Soil damage that might a-maize you ? Time to cover up !
Cristina McBride-Serrano, SHui Research Technician at Lancaster University.
Forage maize production is rapidly expanding in the UK to provide animal feed and biofuel. In North-West England (Cumbria), planting such row crops is extremely damaging to soils. Bare soil between rows, wet conditions and late harvests using heavy machinery provide a “perfect storm” that compacts and erodes soil. Winters here are predicted to become even wetter with more frequent rainfall events. Therefore, improved soil and water management is needed to hold the soil in place to avoid environmental damage off-farm.
As a research technician at Lancaster University, last growing season we assessed whether undersowing cover crop mixtures in maize would affect soil water retention and movement. We hoped that cover crops might protect the soils from erosion during the winter months. Last October, when the crop was harvested, was the wettest since 2014. The contractors had to wait over two weeks for the soils to be dry enough to avoid getting their heavy machinery stuck.
I was unprepared for the spectacle post-harvest, as the entire field looked like it had been used as a motorway. Since our trial area was the driest patch of the field, it was used as an access point during harvesting and was particularly badly damaged. There were hardly any cover crops to be seen. A month later, the field started showing signs of waterlogging due to the compaction caused by the traffic. By Christmas, the conditions had rapidly deteriorated, with runoff stripping the topsoil, transporting sediment to the end of the field and down the road. The winter months have left clear signs of erosion behind.
The farmer is aware of the damage and doesn’t want a repeat. We are continuing to work with cover crops together. This year, he is interested in interseeding rye grass in all his maize fields. We hope that earlier (cover) crop establishment will better protect the soil from harvesting operations later this year.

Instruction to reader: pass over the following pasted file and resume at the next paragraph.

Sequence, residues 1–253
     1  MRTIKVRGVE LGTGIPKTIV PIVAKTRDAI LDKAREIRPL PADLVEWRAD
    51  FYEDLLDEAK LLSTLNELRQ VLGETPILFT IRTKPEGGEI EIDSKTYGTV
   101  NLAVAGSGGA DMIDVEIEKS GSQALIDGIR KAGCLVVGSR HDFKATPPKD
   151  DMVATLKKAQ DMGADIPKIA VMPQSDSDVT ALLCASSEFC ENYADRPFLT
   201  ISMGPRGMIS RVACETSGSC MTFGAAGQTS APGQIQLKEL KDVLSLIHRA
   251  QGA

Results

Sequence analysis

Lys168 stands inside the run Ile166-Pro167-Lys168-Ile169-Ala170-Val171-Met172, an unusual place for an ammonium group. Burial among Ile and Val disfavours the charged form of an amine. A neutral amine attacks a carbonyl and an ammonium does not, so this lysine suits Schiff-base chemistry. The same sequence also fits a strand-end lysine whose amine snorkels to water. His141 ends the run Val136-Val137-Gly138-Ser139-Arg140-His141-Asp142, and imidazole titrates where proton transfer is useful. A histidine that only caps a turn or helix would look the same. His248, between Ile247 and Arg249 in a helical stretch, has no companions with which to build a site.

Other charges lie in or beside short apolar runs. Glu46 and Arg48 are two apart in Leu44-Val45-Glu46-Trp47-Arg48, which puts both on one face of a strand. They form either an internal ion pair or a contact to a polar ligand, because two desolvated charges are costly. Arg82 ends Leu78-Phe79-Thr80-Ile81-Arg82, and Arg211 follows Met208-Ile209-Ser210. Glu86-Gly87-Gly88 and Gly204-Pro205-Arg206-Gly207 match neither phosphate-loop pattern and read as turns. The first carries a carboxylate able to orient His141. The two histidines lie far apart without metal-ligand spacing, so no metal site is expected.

Since working with SHui, and after this experience, I’ve become increasingly interested in working with farmers to reduce soil degradation, manage the excess water, and improve ecosystem services, helping farmers build resilience to a changing climate. With the support of the Perry Foundation and the James Hutton Institute, I will soon start a PhD project to research the potential benefits of increased plant diversity to enhance soil-associated ecosystem services in agroecosystems. I want to support farmers by increasing crop resilience to abiotic stress and minimise environmental degradation of the sort I’ve described here.
SHui has opened my eyes to the challenges of arable cropping in Cumbria, and similar challenges faced by farmers in other countries across our project. I’m greatly looking forward to contributing to solving these challenges through my PhD research, which will continue beyond SHui.
Estimating stomatal conductance and evapotranspiration of winter wheat using a soil-plant water relations-based stress index
Received 20 October 2020, Revised 4 March 2021, Accepted 7 March 2021, Available online 18 March 2021.